CHICAGO (CBS) — The recent release of the Chicago “Gang Book” has caused controversy, but it also gave a peek at the unusual names given to gang members and the inspiration behind the notable monikers.
Years ago, gangs were mostly made up of Italian, Irish and Jewish members. Today they’re mainly African-American and Hispanic organizations.READ MORE: Chicago Weather Alert: Winter Weather Advisory Through 6 P.M. As Lake Effect Snowfall Continues
People like Alphonse “Scarface” Capone and Anthony “Tony the Ant” Spilotro (the inspiration for Joe Pesci’s character in “Casino”) received names based on physical characteristics.
The way a person looks can still define a gang member. But today’s nicknames are more sinister, if not more specific to what they do, what they eat or drink and how they want to be seen.
There are names that try to instill a sense of fear, so rivals know who they’re going up against.
Like Darnell “Murder” McMiller or Arturo “Little Monster” Arroyo.
CBS 2’s Ed Marshall details an unscientific study groups the names into several categories: nature, psychology, death, Hollywood/pop culture/royalty, physical size, physical characteristics, weaponry, foreign cities and food.
For example, several names connected to nature include Rat, Roach, Worm, Mouse, Panther, Mad Dog, Pigeon, Bambi, Bull, Snake, Bird, Fish, Monkey, Lizard and Oak.
In the category describing a person’s psychological profile, the names Maniac, Psycho, Insane, Goofy, Macho, Looney, Temper, Monster, Vicious and Beast are listed.
Gang members who’ve use death or violence to describe themselves have the names Killer, Bang Da Hitter, Bam Bam, Assassin, Hitman, Goon, Murder, Adolf, Homicide, Butcher and Mobster.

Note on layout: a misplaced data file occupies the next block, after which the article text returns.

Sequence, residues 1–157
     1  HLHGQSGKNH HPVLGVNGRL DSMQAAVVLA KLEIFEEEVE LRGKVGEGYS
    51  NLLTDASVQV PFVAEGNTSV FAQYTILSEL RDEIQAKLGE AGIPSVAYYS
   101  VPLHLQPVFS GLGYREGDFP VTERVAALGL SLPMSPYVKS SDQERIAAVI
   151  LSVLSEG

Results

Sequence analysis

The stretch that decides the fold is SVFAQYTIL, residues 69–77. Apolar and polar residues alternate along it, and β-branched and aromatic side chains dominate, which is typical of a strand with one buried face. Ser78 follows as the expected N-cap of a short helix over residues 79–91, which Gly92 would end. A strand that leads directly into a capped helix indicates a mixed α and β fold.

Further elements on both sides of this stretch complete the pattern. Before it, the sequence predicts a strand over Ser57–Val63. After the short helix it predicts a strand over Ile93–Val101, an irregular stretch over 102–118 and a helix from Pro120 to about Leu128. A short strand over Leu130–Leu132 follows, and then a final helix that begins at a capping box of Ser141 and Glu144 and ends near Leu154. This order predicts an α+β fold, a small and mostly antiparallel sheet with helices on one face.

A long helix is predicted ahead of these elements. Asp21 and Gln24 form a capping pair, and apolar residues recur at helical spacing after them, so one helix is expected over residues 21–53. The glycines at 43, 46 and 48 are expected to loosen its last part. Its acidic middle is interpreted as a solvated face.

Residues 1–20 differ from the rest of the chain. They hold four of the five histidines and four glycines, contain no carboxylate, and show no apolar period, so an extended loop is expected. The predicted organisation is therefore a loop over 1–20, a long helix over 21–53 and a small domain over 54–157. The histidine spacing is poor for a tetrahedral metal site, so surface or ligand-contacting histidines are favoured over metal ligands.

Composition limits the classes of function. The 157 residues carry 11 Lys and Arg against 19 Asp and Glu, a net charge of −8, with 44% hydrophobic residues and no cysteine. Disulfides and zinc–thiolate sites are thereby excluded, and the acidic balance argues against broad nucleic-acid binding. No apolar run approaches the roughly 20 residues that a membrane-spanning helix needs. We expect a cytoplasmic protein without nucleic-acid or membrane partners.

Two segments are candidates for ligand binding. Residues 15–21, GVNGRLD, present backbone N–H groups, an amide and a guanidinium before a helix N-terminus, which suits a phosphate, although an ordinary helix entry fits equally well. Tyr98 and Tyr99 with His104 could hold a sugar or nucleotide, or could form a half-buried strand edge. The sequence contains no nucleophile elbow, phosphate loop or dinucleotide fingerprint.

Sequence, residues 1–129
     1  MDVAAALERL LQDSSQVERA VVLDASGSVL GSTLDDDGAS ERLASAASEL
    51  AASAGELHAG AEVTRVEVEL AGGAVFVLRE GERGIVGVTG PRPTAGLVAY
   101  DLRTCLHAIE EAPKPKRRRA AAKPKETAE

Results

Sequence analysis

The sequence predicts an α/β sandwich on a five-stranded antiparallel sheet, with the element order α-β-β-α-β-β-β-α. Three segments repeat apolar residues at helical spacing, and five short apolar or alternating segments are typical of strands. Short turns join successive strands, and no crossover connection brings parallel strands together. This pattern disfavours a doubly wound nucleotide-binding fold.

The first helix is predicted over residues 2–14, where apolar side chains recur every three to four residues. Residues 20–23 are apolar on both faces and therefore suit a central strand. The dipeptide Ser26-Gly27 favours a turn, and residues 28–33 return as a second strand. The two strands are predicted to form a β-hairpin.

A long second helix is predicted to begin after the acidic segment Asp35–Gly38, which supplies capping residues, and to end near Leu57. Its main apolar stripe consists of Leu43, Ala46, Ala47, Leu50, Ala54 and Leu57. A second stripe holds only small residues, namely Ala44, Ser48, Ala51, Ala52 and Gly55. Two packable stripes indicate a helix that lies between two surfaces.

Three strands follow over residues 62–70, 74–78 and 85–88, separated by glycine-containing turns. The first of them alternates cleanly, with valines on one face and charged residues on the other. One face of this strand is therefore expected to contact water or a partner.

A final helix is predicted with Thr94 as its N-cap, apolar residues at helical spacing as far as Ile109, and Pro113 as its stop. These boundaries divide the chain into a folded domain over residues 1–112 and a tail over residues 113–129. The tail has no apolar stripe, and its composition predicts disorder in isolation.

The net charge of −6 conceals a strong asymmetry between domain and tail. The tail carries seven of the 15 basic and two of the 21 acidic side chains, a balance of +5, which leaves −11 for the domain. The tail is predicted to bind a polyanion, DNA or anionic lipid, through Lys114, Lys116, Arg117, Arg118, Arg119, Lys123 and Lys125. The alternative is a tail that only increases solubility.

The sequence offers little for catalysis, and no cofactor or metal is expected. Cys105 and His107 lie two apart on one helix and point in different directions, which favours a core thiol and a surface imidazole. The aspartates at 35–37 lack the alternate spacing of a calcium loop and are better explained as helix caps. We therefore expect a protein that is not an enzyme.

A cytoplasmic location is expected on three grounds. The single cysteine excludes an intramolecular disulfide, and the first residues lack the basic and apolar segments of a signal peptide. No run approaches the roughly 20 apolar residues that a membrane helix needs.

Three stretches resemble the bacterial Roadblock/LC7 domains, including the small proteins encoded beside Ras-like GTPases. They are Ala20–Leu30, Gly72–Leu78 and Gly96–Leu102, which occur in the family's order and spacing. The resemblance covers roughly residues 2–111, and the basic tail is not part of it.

Using names from the movies, television and other pop culture references are popular options.READ MORE: Chicago Weather Alert: Snow Totals From Lake Effect Snowstorm
Some of the most notable ones include Wookie, Shrek, Ringo, Puppet, Chucky, Casper, Pee-Wee, Fester, Kato, Ninja, Smurf, Harpo, Snoop, Joker, Pacman, Droopy, Rambo, Elvis, Fonz and Belushi.
Describing a large or overweight person could be considered an insult. But for some gang members, there’s pride in being labeled “Big” and some gang members have chosen that word, or perhaps had it chosen for them: Big Mo, Big D, Big B, Big Wayne, Big Ant, Big Lord, Big Mike, Big Chink, Big Cuzo, Big Snow and Big Chill.
The opposite, being small in stature, is also embraced: Slim, Munchkin, Lil Dude, Little Monster, Shorty, Lil Mexico, Lil Ed, Lil Man and Lil Cuz.
Personal descriptors aside from someone’s size have also been used: Shaggy, Baldy, Scummy, Oily, Poo Poo, Cheesy, Happy, Spooky, Shy and Silent.
In the weapons category, firearms are the most popular used to convey a sense of danger: Trigger, AK, Shooty Mac, Pistol and Hammer.
Whether inspired by those who ruled actual kingdoms or actual gangland territories, using a royal title is a notable way to command respect: King Troy, King Alex, Jesus, Minister Rico, Gotti, Lord Gino, Capone, Sir Insanity, King Rambo and Kadoffi.
Today’s gang members are also using geography; boroughs, cities and countries as part of their names: Kenya, Money Rome, Mex, Cuba, Paris, Rio and Brooklyn.
Food and beverage selections are colorful and descriptive options: Frosty, Squirt, Corn, Bones, Chops, Alpo, Suds, T-Bone, Peanut, Kool Aid, Chocolate, Lemonhead, Taco and Sweet Pea.
Some of the most inspired names aren’t associated with a well known person or item.MORE NEWS: Businessman, Longtime Arlington International Racecourse Owner Dick Duchossois Dies
In fact, they could say more about the gang member than any other descriptor could: Peabody, Baby Silent, Capers, Suspect, Big Shorty, Baby Vicious, Boo, G-Man, Cousin Ed, BS Floyd and Trouble.